From James Murton:

The final History Department Seminar Series of this year will feature Richard Wenghofer of the Classics program, speaking on "The Racialization of Civic Identity in Classical Athens."

Richard's paper will argue, contrary to received wisdom, that racism did exist in ancient Athens, and it emerged in lockstep with, and as an indirect consequence of, the evolution of democratic political structures and their concomitant social and political ideologies.

Wednesday, March 25, 10:30 am, F307

Refreshments will be served.

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Sunday, December 02, 2007

Thucydides on ancient Greek politics

In my Ancient Civilizations class, I referred to the famous Funeral Oration of Pericles as "the one passage in Thucydides' History of the Peloponnesian War that makes the Greeks look admirable." I was only 3/4 of the way through a rereading of the History when I said that, but I'm still looking for the second. More typical (though to my sensibilities more repellent than many others) is this incident from Book 8, chapter 41, page 560 of the Penguin translation:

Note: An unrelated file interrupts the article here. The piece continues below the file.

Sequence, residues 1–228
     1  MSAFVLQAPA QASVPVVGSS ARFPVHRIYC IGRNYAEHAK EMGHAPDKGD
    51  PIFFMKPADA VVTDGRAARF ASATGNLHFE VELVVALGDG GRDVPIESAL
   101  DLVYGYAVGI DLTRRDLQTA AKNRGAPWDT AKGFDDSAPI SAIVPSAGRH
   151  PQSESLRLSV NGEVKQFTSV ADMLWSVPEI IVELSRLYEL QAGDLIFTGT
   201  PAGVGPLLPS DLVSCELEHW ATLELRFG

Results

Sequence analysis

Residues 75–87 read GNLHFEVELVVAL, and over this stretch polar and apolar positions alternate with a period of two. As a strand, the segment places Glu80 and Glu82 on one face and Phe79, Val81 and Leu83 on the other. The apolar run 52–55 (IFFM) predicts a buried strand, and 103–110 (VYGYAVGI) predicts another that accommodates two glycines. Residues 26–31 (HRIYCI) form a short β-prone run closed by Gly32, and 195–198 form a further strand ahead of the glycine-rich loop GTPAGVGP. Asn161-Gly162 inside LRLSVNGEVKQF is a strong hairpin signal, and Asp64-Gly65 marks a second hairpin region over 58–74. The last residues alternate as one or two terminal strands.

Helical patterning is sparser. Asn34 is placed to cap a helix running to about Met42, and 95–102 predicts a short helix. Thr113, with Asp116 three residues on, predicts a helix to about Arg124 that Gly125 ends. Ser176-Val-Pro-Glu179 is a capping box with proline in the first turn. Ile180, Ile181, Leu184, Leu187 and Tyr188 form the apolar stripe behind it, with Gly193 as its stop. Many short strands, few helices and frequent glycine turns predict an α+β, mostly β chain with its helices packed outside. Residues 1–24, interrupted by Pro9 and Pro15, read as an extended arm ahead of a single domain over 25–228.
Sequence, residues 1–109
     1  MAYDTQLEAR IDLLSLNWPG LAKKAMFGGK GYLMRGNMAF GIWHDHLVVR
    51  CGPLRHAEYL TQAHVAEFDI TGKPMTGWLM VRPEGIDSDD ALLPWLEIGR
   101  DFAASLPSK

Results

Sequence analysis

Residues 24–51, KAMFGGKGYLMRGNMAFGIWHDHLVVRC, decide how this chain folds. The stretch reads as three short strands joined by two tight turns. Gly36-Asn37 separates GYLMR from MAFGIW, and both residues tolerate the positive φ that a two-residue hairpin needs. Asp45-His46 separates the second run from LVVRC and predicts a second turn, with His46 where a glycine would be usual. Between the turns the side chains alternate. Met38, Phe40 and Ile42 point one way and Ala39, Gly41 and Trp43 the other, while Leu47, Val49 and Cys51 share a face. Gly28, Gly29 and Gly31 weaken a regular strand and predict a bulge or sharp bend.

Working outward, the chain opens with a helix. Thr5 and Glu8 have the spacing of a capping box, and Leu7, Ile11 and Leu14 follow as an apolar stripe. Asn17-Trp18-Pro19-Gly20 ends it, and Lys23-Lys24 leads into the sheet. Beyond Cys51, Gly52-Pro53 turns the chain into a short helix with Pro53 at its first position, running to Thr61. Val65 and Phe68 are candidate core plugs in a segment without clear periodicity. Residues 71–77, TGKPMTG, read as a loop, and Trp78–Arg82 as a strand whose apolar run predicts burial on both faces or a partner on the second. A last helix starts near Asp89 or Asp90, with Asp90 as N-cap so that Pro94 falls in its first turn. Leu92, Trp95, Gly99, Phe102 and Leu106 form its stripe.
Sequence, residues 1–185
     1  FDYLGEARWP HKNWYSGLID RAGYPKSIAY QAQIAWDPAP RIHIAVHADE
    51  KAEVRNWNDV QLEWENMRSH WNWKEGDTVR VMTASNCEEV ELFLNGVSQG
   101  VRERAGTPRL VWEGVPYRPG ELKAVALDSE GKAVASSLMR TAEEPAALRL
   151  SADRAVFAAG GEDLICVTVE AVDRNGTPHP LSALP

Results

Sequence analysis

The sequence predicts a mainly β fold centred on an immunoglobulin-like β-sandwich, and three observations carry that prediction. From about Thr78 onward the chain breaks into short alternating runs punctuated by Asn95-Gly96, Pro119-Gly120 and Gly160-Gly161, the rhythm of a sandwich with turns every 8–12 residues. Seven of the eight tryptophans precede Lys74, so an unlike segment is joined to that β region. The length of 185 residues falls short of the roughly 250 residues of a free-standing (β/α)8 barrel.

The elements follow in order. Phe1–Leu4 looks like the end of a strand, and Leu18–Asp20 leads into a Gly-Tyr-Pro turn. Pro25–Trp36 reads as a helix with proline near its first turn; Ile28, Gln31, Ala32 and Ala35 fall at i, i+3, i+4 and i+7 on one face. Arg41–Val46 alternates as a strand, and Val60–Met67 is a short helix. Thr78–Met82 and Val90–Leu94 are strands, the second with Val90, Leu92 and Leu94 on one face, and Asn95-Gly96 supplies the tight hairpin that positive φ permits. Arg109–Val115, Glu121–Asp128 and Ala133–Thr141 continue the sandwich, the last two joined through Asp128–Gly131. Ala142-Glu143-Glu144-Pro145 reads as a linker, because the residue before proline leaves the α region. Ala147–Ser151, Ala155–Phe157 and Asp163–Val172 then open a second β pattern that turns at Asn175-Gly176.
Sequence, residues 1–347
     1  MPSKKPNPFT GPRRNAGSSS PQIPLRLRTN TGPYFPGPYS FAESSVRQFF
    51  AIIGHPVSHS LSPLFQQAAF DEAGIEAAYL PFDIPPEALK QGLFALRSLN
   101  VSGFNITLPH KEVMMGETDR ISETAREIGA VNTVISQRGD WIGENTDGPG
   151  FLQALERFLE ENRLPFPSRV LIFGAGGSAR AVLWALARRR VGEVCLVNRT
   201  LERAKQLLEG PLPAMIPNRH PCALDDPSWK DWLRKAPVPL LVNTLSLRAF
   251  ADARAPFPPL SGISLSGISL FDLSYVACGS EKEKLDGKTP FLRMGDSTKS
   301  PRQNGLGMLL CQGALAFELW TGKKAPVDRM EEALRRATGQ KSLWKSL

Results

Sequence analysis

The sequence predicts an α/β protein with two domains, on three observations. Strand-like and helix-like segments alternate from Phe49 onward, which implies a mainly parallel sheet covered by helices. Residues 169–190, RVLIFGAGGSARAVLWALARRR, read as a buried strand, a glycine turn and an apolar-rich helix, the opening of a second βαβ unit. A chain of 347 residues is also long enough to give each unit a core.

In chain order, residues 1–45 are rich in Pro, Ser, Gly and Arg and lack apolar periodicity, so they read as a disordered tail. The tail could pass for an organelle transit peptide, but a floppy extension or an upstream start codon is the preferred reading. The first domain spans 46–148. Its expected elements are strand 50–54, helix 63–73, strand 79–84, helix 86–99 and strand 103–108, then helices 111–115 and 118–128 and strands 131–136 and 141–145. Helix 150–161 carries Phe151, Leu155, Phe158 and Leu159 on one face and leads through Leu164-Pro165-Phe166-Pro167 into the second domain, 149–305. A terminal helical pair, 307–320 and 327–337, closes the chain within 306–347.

On his voyage along the coast he landed at the Meropid Cos. The city was unfortified and had collapsed in an earthquake which was certainly the greatest one that can be remembered. He sacked the city, the inhabitants of which had fled to the mountains, over-ran the country, and made off with everything in it except the free men, whom he let go.

One could rant for hours about this passage. Even the Soviets would be ashamed to admit to this kind of behavior.

BTW, I have left the war criminal anonymous here; he's got enough publicity over the last 2 1/2 millenia. I have a similar policy for famous assassins.